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Ryan Leaf and Mike Price leave the field after a Rose Bowl loss to Michigan on Jan. 1, 1998, in Pasadena, Calif. (Dan Pelle)
Ryan Leaf and Mike Price leave the field after a Rose Bowl loss to Michigan on Jan. 1, 1998, in Pasadena, Calif. (Dan Pelle)

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That apparently sunk in for the Cougars because they tripped up the Bruins 37-34 in the opener and beat USC 28-21 a week later.

“Then we were off and running,” Leaf said.

The next week, Price and his team were approached about an early kickoff against Illinois. Just how early? (Mike Leach, you may want to cover your ears.) The Cougars and Illini got things going at 9 a.m., which made for a brutally early wake-up call, but offered an upstart WSU team and its standout QB maximum exposure.

“ESPN2 had just launched, and they wanted to see if we would be open to playing a 9 a.m. Pacific kickoff. And coach Price jumped at it,” Leaf said. “He knew no one knew about us, no one knew about the possible Heisman Trophy candidate at quarterback. He said, ‘Let’s put us on national TV at the noon Eastern kickoff hour.’ And guess what? We went out and balled. I threw four touchdowns, we threw a touchdown for 80 yards to open the game, to Kevin McKenzie, and people were talking about us. And it was fine.”

Golfing with the Fab Five …

Not coincidentally, Leaf became one of the country’s top quarterbacks around the same time his legion of skilled wide receivers broke onto the scene. They were the “Fab Five.” By name: Kevin McKenzie, Shawn Tims, Shawn McWashington, Nian Taylor and Chris Jackson.

Leaf treasured the slow, quiet summers in Pullman. Most days, there would be a team lift early in the morning, followed by throwing sessions the quarterback and his wideouts used to build the harmony and synchronization that allowed the Cougars to throw for more than 4,000 yards and 35 touchdowns.

Their chemistry was built on the gridiron, but it was enhanced on another piece of well-manicured turf.

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The Rose Bowl-bound Fab Five, Washington States' five offensive backs, left to right are: Shawn McWashington, Shawn Tims, Nian Taylor, Chris Jackson and Kevin McKenzie, talk to reporters after practice, Dec. 27, 1997 at the Los Angeles Coliseum. Washington State will play the University of Michigan in the Rose Bowl in Pasadena on New Years Day. (Gerard Burkhart / Associated Press)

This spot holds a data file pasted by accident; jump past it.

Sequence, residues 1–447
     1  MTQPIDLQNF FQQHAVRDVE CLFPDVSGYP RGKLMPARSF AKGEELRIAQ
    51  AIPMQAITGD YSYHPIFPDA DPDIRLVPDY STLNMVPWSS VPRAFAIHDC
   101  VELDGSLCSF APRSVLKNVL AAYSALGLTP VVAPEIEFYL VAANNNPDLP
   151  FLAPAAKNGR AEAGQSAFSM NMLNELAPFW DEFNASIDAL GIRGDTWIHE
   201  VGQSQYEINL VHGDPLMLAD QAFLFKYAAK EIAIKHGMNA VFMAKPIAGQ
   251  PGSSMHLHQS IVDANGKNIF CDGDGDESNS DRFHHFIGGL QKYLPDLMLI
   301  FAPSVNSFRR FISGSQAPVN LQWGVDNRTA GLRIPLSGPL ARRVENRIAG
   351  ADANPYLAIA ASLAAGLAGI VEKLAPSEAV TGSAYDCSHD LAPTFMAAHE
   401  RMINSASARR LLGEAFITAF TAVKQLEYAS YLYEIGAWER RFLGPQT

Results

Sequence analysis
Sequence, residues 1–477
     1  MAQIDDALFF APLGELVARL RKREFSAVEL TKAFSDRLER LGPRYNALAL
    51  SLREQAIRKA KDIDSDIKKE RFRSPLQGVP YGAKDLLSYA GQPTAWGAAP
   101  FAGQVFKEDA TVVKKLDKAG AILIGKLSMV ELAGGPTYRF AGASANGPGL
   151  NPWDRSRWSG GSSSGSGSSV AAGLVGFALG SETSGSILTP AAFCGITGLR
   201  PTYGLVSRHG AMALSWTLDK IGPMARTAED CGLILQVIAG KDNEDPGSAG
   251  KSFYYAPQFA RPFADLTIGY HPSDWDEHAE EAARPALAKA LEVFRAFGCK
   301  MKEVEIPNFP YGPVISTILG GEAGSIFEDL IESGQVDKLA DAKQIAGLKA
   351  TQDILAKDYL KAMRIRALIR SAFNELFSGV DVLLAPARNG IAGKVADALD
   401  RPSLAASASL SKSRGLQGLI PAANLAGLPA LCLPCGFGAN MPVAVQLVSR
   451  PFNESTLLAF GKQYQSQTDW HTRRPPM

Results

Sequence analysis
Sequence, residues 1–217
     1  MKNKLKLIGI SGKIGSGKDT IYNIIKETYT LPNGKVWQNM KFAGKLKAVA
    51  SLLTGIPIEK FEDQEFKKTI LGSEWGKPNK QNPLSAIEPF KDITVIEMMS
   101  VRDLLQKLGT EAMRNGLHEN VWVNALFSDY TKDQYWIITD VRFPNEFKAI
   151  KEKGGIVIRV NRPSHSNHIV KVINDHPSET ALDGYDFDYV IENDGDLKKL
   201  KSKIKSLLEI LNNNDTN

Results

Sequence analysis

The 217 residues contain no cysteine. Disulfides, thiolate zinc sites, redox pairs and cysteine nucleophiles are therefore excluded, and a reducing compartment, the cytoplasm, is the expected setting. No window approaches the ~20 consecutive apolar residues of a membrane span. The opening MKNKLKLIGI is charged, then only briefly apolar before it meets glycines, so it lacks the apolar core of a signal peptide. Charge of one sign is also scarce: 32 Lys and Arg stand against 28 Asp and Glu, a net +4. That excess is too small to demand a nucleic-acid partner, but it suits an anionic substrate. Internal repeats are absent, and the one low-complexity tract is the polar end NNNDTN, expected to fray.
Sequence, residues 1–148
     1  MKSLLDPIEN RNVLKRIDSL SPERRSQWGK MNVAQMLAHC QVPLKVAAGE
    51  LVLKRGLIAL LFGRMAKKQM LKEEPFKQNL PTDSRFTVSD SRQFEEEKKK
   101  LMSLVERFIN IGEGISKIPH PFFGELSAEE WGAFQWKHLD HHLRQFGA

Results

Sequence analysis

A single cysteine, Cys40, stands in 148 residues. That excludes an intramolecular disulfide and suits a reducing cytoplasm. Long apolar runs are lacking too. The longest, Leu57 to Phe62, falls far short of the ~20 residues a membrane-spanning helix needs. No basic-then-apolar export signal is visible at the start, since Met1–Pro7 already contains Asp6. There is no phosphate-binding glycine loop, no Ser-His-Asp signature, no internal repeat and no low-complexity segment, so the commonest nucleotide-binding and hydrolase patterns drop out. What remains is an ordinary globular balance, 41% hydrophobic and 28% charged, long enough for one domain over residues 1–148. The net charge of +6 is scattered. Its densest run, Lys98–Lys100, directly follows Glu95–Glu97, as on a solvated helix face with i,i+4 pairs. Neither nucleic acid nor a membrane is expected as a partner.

The Rose Bowl-bound Fab Five, Washington States’ five offensive backs, left to right are: Shawn McWashington, Shawn Tims, Nian Taylor, Chris Jackson and Kevin McKenzie, talk to reporters after practice, Dec. 27, 1997 at the Los Angeles Coliseum. Washington State will play the University of Michigan in the Rose Bowl in Pasadena on New Years Day. (Gerard Burkhart / Associated Press)

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“We’d get up really early and we’d go train, and we’d throw and then we’d be done about 9 o’clock,” Leaf said. “Then me and a bunch of my wideouts would jump in my car and we’d drive across the border to Moscow and tee it up and play golf from about 10 a.m. until it got dark, which in the Palouse, in the summer it could be anywhere from about 10, close to 11 at night sometimes with the sunlight.

“We’d just play all day long, and it just brought us together. Guys got to be pretty darn good at golf. We’d compete.”

Some took the strokes more seriously than others. Leaf and Tims hit consistently down the fairway, but a few of the others spent their afternoons chasing wayward balls and chasing … well, just keep reading.

“I think Shawn Tims, this day and age, would say he could compete pretty well, but a lot of the other guys are kind of spray it all over the place,” he said. “They were just there to enjoy their time. I think a bunch of them took an opportunity to just kind of flirt with the cart girl most of the afternoon, too. It was fun.”

… And feeding the Fat Five

As national buzz started to gather around the five wideouts and their sleek nickname, Leaf’s offensive linemen began to grow envious. Eventually, the big boys up front birthed their own nickname, “The Fat Five.” By name: Rob Rainville, Jason McEndoo, Lee Harrison, Cory Withrow and Ryan McShane.